You are my dragon girl. You are fierce; you breathe fire.
You see injustices that others gloss over, you speak up for equality. You demand equal rights for mythical creatures and humans alike.
You create. You make worlds and homes, families and cities. You write declarations, you draw scenes, you set up tableaux, you assign everyone to their clan. You have notebooks filled with the work of your busy pencil, always multitasking while I read your bedtime story.
You are funny; funnier, perhaps than the deep, wise dragons of old who hid their dry humour far inside and scorned the silly. At their peril. You find kindred spirits in those who get the joke, who see the tiny curve of your mouth and know you’re waiting to see what they say, that this was a test. Those who pass are honoured.
You do not always sheathe your talons. But you can be caught unawares in moments of tenderness, looking out for small children, loving the stupid fluffy cats, snuggling up.
You are strong and skillful and brave. You walk the high wire, you ride on one wheel, you keep trying. You work hard for what you want, ignoring bruised shins and bumped elbows until you have mastery.
You speak in tongues: dog, Russian, nonsense, hieroglyphics. You are a linguist. You want to learn more words, more ways to say it. You obfuscate. You calculate. You want more, bigger, harder math. You burn with the desire to know more.
You know your mind, and you know who you are. It’s hard being you sometimes, but nobody else is so much, so magnificent.
You are my dragon girl: hard to decipher, challenging to guide, a delight to be in league with, an honour to love.
It’s not that I don’t love you, it’s just that I keep starting posts and then something in our ever shifting summer dynamic shifts again and I can’t finish them.
So herewith, some bullet points, with photos of times we went outside:
I have a new phone, so that small children will no longer remark on how tiny my phone is. It was getting embarassing. My new phone is still an old phone, (Samsung 6s) but it has a good camera and it’s a lot smarter than my old one. There will be Instagram. (But not Snapchat because who do you think I am.)
What you know by the time you turn 44 is that if you want a nice birthday you are responsible, at least somewhat, for making it nice yourself. So I bribed the children and took them to the beach, which was slightly easier than it had been the week before, so I think they actually like it. I told the husband what I really wanted (the new phone), so I got it. I booked the babysitter for tonight so we can go out to dinner.
The summer break began with nothing but screens and fighting, but we are all shaking down into a routine of sorts, where the children are constantly watching something and demanding food, and I spend a while working, a while trying to persuade one or both of them to leave the house with me, and a while wondering why I’m doing all this laundry.
So far, Mabel is learning Spanish on Duolingo, I’m brushing up on my Italian, we’ve started rewatching the Great British Bakeoff, and Dash has discovered that he does like Minecraft when it’s in survival mode and you can blow things up with lots of TNT. We’ve also moved all the furniture around in Mabel’s bedroom and baked a few things.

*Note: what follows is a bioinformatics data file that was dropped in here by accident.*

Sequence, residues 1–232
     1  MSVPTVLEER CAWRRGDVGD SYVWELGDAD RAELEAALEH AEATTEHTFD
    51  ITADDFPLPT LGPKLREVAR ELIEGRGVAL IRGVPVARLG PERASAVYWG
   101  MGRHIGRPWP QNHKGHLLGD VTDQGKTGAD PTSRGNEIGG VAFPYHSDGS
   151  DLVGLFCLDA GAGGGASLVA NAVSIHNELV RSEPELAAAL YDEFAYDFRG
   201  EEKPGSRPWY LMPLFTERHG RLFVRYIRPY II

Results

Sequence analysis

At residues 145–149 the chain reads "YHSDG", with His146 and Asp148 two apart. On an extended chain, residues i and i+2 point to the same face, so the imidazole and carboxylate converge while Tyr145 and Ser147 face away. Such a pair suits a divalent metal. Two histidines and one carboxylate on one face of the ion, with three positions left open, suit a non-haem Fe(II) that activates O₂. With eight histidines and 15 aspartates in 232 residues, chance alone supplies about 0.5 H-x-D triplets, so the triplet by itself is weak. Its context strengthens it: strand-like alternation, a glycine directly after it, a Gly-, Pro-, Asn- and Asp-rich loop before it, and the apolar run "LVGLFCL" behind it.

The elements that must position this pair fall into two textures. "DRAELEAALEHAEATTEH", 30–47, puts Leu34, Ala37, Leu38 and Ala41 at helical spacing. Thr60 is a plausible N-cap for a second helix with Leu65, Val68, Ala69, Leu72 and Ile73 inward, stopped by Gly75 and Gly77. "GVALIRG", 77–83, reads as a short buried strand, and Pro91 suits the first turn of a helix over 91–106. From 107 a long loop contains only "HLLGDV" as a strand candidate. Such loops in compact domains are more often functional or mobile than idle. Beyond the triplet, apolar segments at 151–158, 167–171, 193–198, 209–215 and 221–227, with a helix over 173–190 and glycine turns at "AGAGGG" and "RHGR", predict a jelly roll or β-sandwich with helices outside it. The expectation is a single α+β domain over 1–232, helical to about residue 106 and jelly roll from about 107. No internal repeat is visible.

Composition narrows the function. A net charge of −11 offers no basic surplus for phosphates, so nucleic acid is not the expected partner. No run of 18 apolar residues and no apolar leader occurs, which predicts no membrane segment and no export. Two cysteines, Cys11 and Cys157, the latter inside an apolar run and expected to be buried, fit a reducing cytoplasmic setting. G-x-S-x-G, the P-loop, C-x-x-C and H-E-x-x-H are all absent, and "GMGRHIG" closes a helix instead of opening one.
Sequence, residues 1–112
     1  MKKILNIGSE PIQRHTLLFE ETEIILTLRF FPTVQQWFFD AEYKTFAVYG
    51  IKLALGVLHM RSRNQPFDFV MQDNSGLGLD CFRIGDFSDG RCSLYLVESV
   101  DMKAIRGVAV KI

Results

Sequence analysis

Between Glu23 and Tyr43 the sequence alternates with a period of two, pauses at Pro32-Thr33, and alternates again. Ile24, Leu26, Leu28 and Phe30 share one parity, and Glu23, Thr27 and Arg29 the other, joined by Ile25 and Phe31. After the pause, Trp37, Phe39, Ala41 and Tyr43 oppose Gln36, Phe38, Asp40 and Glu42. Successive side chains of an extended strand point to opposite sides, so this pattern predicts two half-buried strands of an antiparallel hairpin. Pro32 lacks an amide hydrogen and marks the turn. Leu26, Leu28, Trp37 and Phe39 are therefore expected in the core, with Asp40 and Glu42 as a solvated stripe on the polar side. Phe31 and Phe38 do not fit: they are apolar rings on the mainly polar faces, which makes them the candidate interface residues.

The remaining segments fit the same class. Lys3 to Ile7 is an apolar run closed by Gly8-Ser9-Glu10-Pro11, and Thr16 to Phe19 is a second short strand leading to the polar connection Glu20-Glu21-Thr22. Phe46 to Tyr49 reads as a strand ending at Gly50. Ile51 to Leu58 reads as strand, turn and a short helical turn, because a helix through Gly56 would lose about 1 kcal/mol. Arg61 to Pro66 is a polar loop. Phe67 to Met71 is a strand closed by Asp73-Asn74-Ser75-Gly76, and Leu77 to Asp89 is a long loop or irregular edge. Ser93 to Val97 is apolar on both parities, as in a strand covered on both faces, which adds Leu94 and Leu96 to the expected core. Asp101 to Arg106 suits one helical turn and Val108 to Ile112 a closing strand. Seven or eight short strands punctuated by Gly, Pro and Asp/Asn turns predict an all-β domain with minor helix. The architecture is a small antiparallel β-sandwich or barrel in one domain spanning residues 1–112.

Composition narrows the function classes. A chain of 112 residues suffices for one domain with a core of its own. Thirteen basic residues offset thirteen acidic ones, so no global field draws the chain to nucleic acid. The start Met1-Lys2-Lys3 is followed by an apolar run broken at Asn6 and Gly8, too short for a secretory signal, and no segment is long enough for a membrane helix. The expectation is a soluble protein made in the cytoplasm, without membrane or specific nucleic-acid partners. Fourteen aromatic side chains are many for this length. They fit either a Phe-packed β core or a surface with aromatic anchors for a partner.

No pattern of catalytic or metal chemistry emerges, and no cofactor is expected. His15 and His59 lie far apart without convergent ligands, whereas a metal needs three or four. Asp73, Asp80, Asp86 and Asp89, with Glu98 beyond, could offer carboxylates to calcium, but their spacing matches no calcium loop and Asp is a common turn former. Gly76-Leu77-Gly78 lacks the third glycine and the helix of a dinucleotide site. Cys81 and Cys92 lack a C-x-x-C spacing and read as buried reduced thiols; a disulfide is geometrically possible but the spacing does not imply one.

The pace is slower, and we’re learning not to freak out about it. We’ve gone to two different beaches. We’ve gone to the pool, but not a lot. We’ve baked fancy biscuits. Some of us have done some reading. Next week Mabel starts camp and everything changes again. We’ll work it out.
The cats continue to cat. They’re very good at it. I feel like I’ve really accomplished something since my last birthday, because now we have cats.
I don’t know whether I’ve documented every one of Dash’s birthday parties here, but I know I’ve done a lot of them. Last year, the big One-Oh, seemed like the culmination. Dash had been planning it since before he turned nine, all the kids I thought wouldn’t be able to come showed up, and it was a giant, crazy, over-the-top ball of mayhem.
“No more!” we said, spent, forgetting that Dash would continue to have birthdays every year. This April rolled around and we realised that we would not get out of hosting some sort of party, because he is the polar opposite of his sister who really only wants a trip to Build-a-Bear with one or two friends. I tried to convince him to do a destination event – the really cool climbing wall place, perhaps, that he’s wanted to go back to for ages – but no. It had to be a party at home.
“I’ve always had a party at home, except that one year when we went to Pump It Up and I didn’t like that. It has to be at home.” He was not for turning.
“But Daddy and I are exhausted. We can’t come up with more party games. Your friends don’t want to play lame party games made up by you and your parents. It’s chaos. It’s anarchy. And it’ll probably rain. We can’t do it,” we said. Impasse.
Then, salvation arrived in the shape someone who mentioned that they’d had a laser-tag birthday party at their house. A guy had come along with a van full of laser guns, showed the kids how to use them, and then run the games for two hours. All I’d have to do was feed ’em. (I can do that. Though I always underestimate how much other people’s boys can eat.)
I was sold. I got the contact details and booked it. We capped the invitees at a smaller number than last year. Everyone was happy. I forgot to obsessively monitor the weather forecast because I was busy being busy with other things, and we just threw a party two weeks ago (for B’s birthday). Suddenly, the day before the day was upon us, and I had to plan the party food, shop for the party food, make the party food, clean the house (a very little bit), and make sure the sun was going to shine.
The weather forecast was not good. In fact, there was a 65 to 85% chance of rain during the time of the party. Dash and I went to the supermarket on Friday after dinner and bought everything we could possibly need – except butter and chocolate chips, which I had to send B out for as soon as we got back – and I made the cake.